The large flat bottom boats housed in this barn are reproductions of a mid-18th century vessel known as the Durham boat. Robert Durham, an engineer at the Durham Iron Works in nearby Reiglesville, Pennsylvania, reputedly designed a prototype for these large cargo boats as early as 1757. Durham boats hauled cargo along the entire length of the Delaware River. These long-run vessels transported ore, fir, timber, and produce down the Delaware River to Philadelphia's thriving markets. The largest vessels (up to 65 feet long and 8 feet in the beam) could transport 20 tons of iron or 150 barrels of flour downstream.
Durham boats played an important role in Washington's crossing of the Delaware River on December 25, 1776. General Washington wrote to Governor Livingston of New Jersey directing him to secure "Boats and Craft,...should be secured...particularly the Durham Boats..." for his anticipated crossing and planned attack on Trenton. Although designed to haul cargo, the Durham boats successfully carried Washington's troops across the icy Delaware in the early morning hours prior to the attack.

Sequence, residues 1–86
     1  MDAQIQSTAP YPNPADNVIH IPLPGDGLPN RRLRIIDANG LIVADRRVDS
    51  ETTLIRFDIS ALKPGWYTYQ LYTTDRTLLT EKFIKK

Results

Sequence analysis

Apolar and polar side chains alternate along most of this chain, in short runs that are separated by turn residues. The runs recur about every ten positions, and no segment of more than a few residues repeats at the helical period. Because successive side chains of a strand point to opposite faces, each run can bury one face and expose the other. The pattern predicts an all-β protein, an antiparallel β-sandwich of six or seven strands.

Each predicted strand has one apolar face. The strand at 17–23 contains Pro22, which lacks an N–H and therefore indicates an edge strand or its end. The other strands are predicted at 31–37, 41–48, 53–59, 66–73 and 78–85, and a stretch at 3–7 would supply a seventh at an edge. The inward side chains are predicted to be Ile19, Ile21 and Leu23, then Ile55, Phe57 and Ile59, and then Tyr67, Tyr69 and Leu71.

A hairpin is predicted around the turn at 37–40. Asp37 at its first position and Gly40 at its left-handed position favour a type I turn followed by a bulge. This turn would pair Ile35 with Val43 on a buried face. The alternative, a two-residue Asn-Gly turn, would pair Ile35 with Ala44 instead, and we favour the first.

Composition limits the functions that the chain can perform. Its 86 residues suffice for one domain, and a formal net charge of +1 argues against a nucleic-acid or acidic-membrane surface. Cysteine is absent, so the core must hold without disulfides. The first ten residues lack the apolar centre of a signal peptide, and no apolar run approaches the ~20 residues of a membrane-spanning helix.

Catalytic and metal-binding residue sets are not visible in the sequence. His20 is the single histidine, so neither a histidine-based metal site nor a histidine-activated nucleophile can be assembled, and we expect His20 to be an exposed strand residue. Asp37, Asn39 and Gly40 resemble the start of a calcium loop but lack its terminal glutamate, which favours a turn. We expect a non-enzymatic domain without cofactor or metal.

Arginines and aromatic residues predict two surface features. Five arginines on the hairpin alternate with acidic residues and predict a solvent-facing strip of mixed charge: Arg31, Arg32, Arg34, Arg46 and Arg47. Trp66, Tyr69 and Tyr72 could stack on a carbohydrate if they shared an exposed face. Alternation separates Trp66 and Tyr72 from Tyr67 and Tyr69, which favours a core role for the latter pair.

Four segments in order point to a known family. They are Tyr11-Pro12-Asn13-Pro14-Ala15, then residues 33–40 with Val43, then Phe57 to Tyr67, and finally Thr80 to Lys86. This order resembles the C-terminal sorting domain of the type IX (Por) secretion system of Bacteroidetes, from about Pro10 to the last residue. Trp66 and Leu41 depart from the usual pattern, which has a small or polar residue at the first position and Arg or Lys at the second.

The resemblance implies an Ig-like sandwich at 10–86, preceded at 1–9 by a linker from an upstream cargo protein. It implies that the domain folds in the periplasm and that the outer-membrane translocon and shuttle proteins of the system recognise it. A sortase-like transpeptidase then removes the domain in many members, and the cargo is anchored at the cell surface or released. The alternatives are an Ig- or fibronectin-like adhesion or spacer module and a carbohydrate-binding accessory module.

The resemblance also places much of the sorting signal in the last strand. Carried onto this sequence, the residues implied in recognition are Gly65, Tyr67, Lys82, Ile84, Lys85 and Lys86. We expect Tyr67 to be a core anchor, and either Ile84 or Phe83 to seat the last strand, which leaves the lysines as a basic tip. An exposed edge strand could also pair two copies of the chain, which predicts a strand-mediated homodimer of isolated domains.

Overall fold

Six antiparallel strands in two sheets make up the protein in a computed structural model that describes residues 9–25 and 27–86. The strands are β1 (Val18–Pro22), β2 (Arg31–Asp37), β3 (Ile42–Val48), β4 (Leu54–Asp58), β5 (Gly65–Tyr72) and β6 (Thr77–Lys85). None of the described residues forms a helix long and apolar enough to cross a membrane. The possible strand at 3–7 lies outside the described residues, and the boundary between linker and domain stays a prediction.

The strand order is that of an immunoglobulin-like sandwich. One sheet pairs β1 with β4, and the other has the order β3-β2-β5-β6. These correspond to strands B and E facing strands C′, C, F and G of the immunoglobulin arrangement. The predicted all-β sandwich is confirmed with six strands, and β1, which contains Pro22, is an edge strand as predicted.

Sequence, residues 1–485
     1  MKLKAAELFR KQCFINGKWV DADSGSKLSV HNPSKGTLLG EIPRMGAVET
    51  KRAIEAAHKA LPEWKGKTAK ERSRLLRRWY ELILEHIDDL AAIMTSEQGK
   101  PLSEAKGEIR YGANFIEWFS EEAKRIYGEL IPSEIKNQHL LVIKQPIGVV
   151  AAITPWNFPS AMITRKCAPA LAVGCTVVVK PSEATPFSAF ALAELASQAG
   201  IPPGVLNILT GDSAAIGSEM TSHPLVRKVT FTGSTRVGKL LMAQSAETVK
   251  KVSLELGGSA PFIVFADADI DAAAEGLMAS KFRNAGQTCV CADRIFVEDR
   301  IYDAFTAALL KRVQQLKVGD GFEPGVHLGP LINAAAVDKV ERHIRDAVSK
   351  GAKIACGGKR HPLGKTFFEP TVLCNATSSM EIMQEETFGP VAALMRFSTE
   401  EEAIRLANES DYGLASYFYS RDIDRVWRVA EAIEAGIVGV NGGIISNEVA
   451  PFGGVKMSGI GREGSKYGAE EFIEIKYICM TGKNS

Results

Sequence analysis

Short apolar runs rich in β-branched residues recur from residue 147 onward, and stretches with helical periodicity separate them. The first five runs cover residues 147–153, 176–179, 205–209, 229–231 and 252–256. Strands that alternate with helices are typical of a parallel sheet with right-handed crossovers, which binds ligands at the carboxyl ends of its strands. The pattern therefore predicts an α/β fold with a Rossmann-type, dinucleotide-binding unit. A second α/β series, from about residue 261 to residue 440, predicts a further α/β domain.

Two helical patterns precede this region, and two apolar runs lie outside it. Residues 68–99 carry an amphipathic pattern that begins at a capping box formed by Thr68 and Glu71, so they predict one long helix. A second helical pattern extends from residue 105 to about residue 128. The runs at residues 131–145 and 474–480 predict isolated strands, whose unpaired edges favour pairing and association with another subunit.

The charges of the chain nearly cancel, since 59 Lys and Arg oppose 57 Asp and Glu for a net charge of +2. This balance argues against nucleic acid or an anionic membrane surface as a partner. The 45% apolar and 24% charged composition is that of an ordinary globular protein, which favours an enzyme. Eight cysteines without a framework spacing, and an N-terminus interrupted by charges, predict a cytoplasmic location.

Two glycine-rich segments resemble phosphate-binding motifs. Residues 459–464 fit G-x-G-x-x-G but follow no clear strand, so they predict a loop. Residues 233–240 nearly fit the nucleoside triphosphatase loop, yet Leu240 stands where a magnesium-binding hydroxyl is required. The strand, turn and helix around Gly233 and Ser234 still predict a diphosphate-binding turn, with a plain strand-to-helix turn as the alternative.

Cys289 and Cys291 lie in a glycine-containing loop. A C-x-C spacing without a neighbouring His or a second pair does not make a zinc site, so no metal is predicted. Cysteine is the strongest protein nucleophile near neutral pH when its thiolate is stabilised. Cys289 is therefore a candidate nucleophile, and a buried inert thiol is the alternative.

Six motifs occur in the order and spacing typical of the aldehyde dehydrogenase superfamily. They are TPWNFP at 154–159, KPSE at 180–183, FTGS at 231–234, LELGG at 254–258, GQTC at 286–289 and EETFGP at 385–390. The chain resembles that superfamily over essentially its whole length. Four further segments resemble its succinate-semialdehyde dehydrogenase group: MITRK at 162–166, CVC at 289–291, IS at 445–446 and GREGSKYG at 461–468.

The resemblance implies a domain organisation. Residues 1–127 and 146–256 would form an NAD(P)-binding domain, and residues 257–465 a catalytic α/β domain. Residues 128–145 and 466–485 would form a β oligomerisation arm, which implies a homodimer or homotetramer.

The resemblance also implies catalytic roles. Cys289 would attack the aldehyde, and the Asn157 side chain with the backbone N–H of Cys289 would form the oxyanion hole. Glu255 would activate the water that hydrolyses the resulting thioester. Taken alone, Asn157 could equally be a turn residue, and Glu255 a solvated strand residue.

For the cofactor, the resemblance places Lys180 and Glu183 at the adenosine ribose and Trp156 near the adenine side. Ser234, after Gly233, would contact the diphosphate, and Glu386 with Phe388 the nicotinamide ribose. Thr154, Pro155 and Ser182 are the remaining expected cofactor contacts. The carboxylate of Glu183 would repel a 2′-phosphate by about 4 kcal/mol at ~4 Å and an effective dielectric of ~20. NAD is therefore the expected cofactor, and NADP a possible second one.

In addition, two of the boats on display were constructed in 1965 and 1976 by the Johnston Brothers Boat Works in Point Pleasant, New Jersey. They were restored by Chad Brenner working for the Washington Crossing Reenactors Society and given to the Pennsylvania Historical and Museum Commission in 1999. The remaining boats were constructed by Paul Rollins, boatbuilder, York, Maine in 1996 and 1997. One of these is a gift of the Friends of Washington Crossing Historic Park and the other was purchased by the PHMC. The boats are used in the Park's annual reenactment of the Crossing on Christmas Day.
Washington Crossing Historic Park gratefully acknowledges the donations of the Washington Crossing Reenactors Society and the Friends of the Washington Crossing Historic Park.